Want Employees to Stick Like Glue? Attract Them With Meaning

This article comes from Entrepreneur.

Want Employees to Stick Like Glue? Attract Them With Meaning

Are your employees happy? Does the work they do mean anything to them? Take these measures to help them find meaning in even the most mundane tasks.

1. Connect the dots.

Your talented players may not understand the 30,000-feet view of what they do. Even if your vision and mission statement are literally plastered on the wall, you still need to show your people how their every move plays a pivotal big-picture role.

Loriana Sekarski, founder and president of leadership consulting company Bonsai, suggests that executives constantly talk about strategy in order to yield positive results. She points out that workers “likely joined your company because they want to make a difference and be part of an exciting journey, so lead with your company vision when communicating with employees.” Be forewarned: You cannot substitute data for passion-filled discussions. Even Google co-founder and Alphabet CEO Larry Page follows this directive. He recommends placing emphasis on “really big goals” to keep employees’ eyes on the prize.

2. Visibly demonstrate your corporate values.

Employees have no impetus to consider and carry out their employers’ corporate values until they see them lived out. Take a page from REI’s book, and illustrate what your brand stands for. The company’s motto, “A life outdoors is a life well lived,” sparked the company’s #OptOutside program. Its message was clear: Yes, it’s Black Friday. No, we’re not participating. In fact, employees had the biggest sales day of the year off so they could play in nature.

More than a marketing ploy, REI’s #OptOutside campaign set the stage for a different way of thinking about productivity and profit. Instead of concentrating on financial capital, REI placed a premium on its human capital. It also set itself apart as a company in search of meaning, not merely money.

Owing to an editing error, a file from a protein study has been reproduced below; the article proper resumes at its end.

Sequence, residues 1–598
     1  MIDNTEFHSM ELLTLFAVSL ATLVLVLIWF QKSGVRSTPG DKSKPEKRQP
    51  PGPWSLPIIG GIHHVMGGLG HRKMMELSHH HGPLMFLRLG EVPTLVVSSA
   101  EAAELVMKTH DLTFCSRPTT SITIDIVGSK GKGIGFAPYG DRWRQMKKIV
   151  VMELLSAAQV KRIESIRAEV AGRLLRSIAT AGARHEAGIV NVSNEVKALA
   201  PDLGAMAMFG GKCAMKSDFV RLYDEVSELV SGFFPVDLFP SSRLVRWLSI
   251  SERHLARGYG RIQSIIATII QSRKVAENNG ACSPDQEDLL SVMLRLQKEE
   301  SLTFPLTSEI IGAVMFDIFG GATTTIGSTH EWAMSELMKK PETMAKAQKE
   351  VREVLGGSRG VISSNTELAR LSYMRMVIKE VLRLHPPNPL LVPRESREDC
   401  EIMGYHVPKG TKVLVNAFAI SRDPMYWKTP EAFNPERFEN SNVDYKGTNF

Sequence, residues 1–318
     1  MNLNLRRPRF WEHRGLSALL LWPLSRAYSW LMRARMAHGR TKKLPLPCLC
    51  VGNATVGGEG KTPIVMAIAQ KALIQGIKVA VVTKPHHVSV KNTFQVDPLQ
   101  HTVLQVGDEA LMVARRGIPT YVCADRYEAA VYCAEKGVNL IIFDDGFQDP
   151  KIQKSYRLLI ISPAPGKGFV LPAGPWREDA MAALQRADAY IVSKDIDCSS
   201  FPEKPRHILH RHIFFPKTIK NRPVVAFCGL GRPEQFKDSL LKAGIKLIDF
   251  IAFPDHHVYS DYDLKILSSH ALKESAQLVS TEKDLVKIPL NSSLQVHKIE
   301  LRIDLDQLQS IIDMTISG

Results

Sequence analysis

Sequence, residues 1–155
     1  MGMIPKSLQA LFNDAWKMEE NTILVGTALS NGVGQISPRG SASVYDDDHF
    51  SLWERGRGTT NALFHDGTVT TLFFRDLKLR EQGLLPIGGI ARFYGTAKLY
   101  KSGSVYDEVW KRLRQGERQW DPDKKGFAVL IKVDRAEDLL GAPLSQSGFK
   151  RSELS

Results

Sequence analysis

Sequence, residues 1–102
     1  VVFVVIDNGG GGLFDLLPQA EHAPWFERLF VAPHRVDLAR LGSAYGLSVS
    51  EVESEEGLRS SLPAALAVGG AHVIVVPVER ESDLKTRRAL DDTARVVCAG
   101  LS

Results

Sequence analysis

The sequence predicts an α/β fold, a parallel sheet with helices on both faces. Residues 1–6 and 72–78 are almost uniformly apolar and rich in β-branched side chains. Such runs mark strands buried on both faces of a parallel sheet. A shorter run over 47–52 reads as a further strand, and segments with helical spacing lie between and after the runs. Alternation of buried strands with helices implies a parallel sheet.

3. Snuff out burnout.

Even happy workers who come in early and stay late can be sidelined and burdened by stress. As Sylvia Melena, author of “Supportive Accountability,” explains, “Meaningful work is such a powerful motivator that it can drive people to work beyond reasonable capacity.”

Abate burnout by looking for signs of its presence in your employees. These can include exhaustion, lowered productivity, heightened mistakes, emotional swings and memory issues. When you suspect that certain workers are moving beyond a reasonable capacity, remind them to pursue outside interests. Support them by offering time off for personal pursuits, and make sure not to bug them with work questions when they’re off the clock.

Meaningful work can inspire in so many ways — and keep employees from checking Glassdoor and Indeed for better gigs. Instead of losing good people who feel like replaceable cogs in a wheel, remind your people of their purpose. Not only will they be happier with how things are going, but you will be, too.

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